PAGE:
The Underlying Issues of End-user Telecommunications Account Management
The most complex and costly area of the telecommunications industry is the
"local carrier service provider sector;"
requiring extensive and exhaustive vendor
data mining and manual auditing processes. Today, Telecommunications Departments,
of large and mid-sized enterprises, do not have the human assets, time, and often
expertise to undertake such projects (Pappalardo, 2002). Recent trends in human
resource rationalization (corporate downsizing) have exacerbated this issue in
most enterprises, as fewer experienced resources are available to manage enterprise
telecommunications accounts and services. Companies now rely heavily on their
Accounts Payable Department to pay invoices, without the ability to identify
inaccurate, extraneous, or problematic accounts. This phenomenon results in
most enterprises failing to audit up to 85% of their telecommunications accounts
(Aberdeen Group, 2005, p. 5).This affects the efficiency of cost structure,
resource, and financial management; contributing to increased capital budget
overages and capital waste.
Communications News (2005, February) cited a 2005 Aberdeen Group report
(Aberdeen Group, 2005) identifying that large corporations lose, on average, more
than $8 million annually in profits, due directly to erroneous and extraneous
telecommunications expenses (p. 6). The article cited that these enterprises
averaged $116 million in annual telecommunications-related expenses and process
over 15,000 telecommunications invoices per month. Meanwhile, mid-market
enterprises processed an average of 3,000 telecommunications invoices (2005, p. 6).
Over the past 17 years, we have found that many enterprises, with more than 500
locations, have multiple invoices for each location. Most locations average two or
three local carrier invoices. This doubles or triples the task of proper auditing
and telecommunications expense management.
There is a tendency for small and mid-sized enterprises (SMEs) to believe
that telecommunications expense problems are inherent to large, vast enterprises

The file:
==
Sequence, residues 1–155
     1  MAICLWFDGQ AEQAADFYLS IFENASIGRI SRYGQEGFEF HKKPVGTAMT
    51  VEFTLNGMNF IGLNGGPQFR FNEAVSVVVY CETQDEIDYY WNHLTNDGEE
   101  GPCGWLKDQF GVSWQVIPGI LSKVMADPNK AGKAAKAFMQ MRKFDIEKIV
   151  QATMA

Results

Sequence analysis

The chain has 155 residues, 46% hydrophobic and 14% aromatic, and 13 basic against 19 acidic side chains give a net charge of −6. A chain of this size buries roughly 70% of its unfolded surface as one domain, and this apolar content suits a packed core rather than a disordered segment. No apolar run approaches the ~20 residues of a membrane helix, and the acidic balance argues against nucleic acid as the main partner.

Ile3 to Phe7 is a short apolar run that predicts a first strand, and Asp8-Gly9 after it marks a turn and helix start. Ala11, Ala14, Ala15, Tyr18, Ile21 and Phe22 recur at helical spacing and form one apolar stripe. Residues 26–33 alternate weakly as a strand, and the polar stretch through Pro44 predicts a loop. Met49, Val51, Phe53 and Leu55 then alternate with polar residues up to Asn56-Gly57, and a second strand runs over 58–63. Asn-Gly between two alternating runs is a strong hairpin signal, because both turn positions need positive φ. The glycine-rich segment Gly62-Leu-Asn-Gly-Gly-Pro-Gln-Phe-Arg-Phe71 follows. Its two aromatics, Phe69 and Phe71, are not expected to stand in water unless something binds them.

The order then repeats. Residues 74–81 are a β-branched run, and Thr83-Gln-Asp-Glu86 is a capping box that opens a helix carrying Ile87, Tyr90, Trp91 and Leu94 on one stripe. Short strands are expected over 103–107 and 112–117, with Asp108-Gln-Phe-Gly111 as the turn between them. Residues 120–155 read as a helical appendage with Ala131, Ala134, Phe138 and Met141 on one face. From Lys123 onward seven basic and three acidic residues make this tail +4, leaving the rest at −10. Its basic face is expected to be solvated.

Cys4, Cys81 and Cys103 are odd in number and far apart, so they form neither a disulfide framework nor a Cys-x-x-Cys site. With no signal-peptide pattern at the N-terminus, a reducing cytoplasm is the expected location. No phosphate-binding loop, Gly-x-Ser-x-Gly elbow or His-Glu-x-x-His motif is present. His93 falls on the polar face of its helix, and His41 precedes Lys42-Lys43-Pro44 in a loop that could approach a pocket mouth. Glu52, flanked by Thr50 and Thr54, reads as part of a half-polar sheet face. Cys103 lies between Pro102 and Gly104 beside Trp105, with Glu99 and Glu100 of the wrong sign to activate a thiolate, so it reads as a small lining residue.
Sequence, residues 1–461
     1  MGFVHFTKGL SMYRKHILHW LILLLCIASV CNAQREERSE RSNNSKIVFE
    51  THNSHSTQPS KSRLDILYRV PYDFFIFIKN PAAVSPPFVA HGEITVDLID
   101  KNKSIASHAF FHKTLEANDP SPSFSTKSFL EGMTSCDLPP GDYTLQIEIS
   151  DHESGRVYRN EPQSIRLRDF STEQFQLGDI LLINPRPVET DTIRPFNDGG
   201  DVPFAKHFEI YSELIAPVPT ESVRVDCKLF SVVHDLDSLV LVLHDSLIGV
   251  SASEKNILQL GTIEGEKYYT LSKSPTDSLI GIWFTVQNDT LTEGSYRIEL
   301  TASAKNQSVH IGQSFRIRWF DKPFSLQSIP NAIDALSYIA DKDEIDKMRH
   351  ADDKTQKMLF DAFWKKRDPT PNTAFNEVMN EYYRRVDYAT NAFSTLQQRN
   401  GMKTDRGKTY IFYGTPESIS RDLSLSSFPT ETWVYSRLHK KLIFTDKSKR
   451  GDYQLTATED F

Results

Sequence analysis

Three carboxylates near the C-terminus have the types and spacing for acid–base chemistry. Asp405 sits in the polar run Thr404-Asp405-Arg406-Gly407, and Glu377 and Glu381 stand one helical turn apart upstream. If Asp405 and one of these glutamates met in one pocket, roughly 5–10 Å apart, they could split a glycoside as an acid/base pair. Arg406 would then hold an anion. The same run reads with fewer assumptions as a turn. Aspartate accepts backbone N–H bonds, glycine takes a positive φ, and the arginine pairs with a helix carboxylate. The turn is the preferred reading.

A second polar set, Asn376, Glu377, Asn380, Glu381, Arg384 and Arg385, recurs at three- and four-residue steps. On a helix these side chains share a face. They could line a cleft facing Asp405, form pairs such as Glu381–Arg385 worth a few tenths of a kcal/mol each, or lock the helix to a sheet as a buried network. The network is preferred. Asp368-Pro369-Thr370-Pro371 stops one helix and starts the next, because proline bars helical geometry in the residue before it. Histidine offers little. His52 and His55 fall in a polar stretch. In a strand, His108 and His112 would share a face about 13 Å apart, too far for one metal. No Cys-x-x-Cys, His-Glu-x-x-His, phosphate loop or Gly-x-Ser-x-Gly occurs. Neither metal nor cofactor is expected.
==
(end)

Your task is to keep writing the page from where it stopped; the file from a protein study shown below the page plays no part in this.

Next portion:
with multitudes of locations, it could not be further from the truth. Click on
the following examples to see why telecommunications issues permeate throughout
the accounts of all companies, regardless of size.
SME Example 1
In 2008, we audited a small chain of five law offices located in three states.
Although the client had few invoices to audit, one of the accounts (PRI ISDN
service) appeared to be invoicing tariff rates (not in a contract). We extracted
the provisioning data of the PRI ISDN account. The account indicated that a
contract had been signed 24 months prior, yet the contract rates should have
reduced the monthly recurring charges to $846.20; the account was invoicing
$2,262.16. The problem: The vendor's provisioning programmer had neglected to
remove the normal tariff rates while, simultaneously adding the new contract
rates; increasing the cost of the account by 167.33 percent. The resulting error
created an overcharge of $33,983.28, while its correction saved an additional
$16,991.64. The total financial impact of the issue was $50,974.92. The Accounts
Payable employee, responsible for reviewing and paying invoices, was unaware
the amount being paid on the account was incorrect since, the invoice was
consistently the same amount each month, triggering no suspicion.
SME Example 2
According to Gillian Flynn (1998), a bank with 21 locations, based in
Michigan, had engaged an outside telecommunications audit firm. The firm
uncovered $800 thousand in overcharges and credits due, while precluding a
further $3.2 million in erroneous charges to continue (Flynn, 1998, p. 2).
The client had only 21 locations, a number that would typically be considered
easily manageable by any client. This was an assumption
made to the client's great disadvantage.